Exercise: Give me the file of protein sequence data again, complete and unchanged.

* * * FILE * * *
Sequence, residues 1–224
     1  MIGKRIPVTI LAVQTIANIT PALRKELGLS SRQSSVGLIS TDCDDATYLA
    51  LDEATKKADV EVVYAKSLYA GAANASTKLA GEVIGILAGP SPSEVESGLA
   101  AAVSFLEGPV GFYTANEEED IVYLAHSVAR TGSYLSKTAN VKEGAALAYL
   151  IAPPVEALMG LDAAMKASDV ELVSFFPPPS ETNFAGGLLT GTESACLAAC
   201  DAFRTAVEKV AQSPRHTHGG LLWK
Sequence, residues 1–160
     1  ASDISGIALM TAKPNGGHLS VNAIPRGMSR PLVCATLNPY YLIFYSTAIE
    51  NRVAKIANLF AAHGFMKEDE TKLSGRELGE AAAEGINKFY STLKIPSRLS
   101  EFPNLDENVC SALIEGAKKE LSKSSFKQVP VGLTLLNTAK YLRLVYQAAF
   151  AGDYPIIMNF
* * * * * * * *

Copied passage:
Sequence, residues 1–224
     1  MIGKRIPVTI LAVQTIANIT PALRKELGLS SRQSSVGLIS TDCDDATYLA
    51  LDEATKKADV EVVYAKSLYA GAANASTKLA GEVIGILAGP SPSEVESGLA
   101  AAVSFLEGPV GFYTANEEED IVYLAHSVAR TGSYLSKTAN VKEGAALAYL
   151  IAPPVEALMG LDAAMKASDV ELVSFFPPPS ETNFAGGLLT GTESACLAAC
   201  DAFRTAVEKV AQSPRHTHGG LLWK
Sequence, residues 1–160
     1  ASDISGIALM TAKPNGGHLS VNAIPRGMSR PLVCATLNPY YLIFYSTAIE
    51  NRVAKIANLF AAHGFMKEDE TKLSGRELGE AAAEGINKFY STLKIPSRLS
   101  EFPNLDENVC SALIEGAKKE LSKSSFKQVP VGLTLLNTAK YLRLVYQAAF
   151  AGDYPIIMNF